Eligibility for Other Federal Offices Debated
"No Senator or Representative shall, during the Time for which he was elected, be appointed to any civil office under the authority of the United States, which shall have been created or the Emoluments whereof shall have been increased during such time;..."
- U.S. Constitution, Article I, Section 6
Madison (VA), seconded by Alexander Martin (NC), moved to make members of the House ineligible for other federal office during their term and for one year after.
Butler (SC) said the motion didn't go far enough. Mason (VA) agreed, and appealed to Madison as a witness to the shameful partiality of the Legislature of Virginia for its own members. Rutledge (SC) supported the motion as did Wilson (PA). Madison defended his motion as a middle ground between encouraging corruption and excluding the most qualified appointees.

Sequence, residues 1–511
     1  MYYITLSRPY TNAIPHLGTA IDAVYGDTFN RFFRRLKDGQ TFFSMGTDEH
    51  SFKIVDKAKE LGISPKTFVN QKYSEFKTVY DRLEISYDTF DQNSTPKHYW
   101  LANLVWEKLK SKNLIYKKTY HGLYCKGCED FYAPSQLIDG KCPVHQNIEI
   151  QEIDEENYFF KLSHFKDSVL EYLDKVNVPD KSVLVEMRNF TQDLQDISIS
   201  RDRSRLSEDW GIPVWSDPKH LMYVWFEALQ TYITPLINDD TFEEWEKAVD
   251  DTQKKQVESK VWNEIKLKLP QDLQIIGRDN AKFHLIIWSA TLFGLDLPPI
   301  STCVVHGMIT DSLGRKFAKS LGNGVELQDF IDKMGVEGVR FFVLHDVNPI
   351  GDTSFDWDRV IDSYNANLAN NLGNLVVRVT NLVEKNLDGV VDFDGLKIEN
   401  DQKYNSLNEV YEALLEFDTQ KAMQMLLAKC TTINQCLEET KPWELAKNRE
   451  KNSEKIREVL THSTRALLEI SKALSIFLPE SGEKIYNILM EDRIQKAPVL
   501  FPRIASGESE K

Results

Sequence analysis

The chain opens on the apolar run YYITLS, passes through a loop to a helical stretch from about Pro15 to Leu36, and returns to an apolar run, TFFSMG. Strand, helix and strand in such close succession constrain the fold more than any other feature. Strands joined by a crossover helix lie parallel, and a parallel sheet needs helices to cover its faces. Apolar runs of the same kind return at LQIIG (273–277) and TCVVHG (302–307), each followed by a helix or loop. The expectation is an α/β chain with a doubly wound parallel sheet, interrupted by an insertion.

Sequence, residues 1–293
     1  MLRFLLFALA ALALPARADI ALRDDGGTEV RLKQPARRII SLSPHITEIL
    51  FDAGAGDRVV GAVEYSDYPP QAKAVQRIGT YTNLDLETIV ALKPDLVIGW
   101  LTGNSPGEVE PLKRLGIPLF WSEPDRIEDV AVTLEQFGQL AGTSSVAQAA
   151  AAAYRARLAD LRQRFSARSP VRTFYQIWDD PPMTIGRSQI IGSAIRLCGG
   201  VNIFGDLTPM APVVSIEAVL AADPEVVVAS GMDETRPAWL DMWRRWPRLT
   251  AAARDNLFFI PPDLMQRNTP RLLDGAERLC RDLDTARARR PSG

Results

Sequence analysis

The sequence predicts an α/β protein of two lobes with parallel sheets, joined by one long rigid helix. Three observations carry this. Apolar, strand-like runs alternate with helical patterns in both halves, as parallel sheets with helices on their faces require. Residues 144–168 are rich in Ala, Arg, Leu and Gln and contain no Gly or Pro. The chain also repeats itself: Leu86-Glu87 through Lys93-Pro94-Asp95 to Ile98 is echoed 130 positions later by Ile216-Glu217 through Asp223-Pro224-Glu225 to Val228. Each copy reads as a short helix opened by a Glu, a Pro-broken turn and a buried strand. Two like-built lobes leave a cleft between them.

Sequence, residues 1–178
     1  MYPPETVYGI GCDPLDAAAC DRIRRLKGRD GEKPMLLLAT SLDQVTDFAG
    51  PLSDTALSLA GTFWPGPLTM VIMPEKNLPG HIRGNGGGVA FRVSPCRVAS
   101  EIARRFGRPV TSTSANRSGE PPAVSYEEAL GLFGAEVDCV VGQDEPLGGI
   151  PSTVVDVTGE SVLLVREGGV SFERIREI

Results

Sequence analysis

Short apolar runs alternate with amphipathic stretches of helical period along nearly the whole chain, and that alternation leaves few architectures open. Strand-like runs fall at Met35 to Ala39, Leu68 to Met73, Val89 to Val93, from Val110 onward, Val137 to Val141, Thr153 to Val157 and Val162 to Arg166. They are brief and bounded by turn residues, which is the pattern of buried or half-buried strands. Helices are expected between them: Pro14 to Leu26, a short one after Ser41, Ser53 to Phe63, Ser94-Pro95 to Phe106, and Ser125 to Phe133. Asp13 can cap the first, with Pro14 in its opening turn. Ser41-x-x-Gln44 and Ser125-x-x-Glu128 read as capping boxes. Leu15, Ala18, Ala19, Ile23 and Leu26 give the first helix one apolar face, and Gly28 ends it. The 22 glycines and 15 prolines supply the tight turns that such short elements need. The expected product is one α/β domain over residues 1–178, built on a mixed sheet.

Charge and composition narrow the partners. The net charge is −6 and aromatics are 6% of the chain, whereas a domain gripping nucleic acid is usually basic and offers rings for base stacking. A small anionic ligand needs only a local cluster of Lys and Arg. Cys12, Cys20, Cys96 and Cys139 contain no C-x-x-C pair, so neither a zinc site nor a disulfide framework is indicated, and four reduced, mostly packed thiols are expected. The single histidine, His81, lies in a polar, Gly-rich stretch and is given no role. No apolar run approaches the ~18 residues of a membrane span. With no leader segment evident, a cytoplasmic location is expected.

Jennifer (MD) remarked that the Maryland Senate was excluded from holding other offices for their five-year term and that this had gained them the confidence of the people. Madison's motion lost, Connecticut and New Jersey aye, Massachusetts divided, 8 no.
Spaight (NC) moved to divide the issue into two parts, which was done. Ineligibility during the term for which they were elected passed 8 aye, Pennsylvania and Georgia no and Massachusetts divided. Extending eligibility for a year after the term was urged by Mason, Gerry and Rutledge, and deprecated by Hamilton as easily evaded. It lost, New York, Delaware, Maryland, South Carolina aye, Pennsylvania divided, 6 no.
The debate on eligibility for members of the House to hold other federal offices took most of the day. This is not the most controversial part of the Constitution; however, delegates were familiar with the English practice of buying off key legislators by appointing them to high-paying government jobs. The delegates regarded time spent in safeguarding against corruption as time well spent.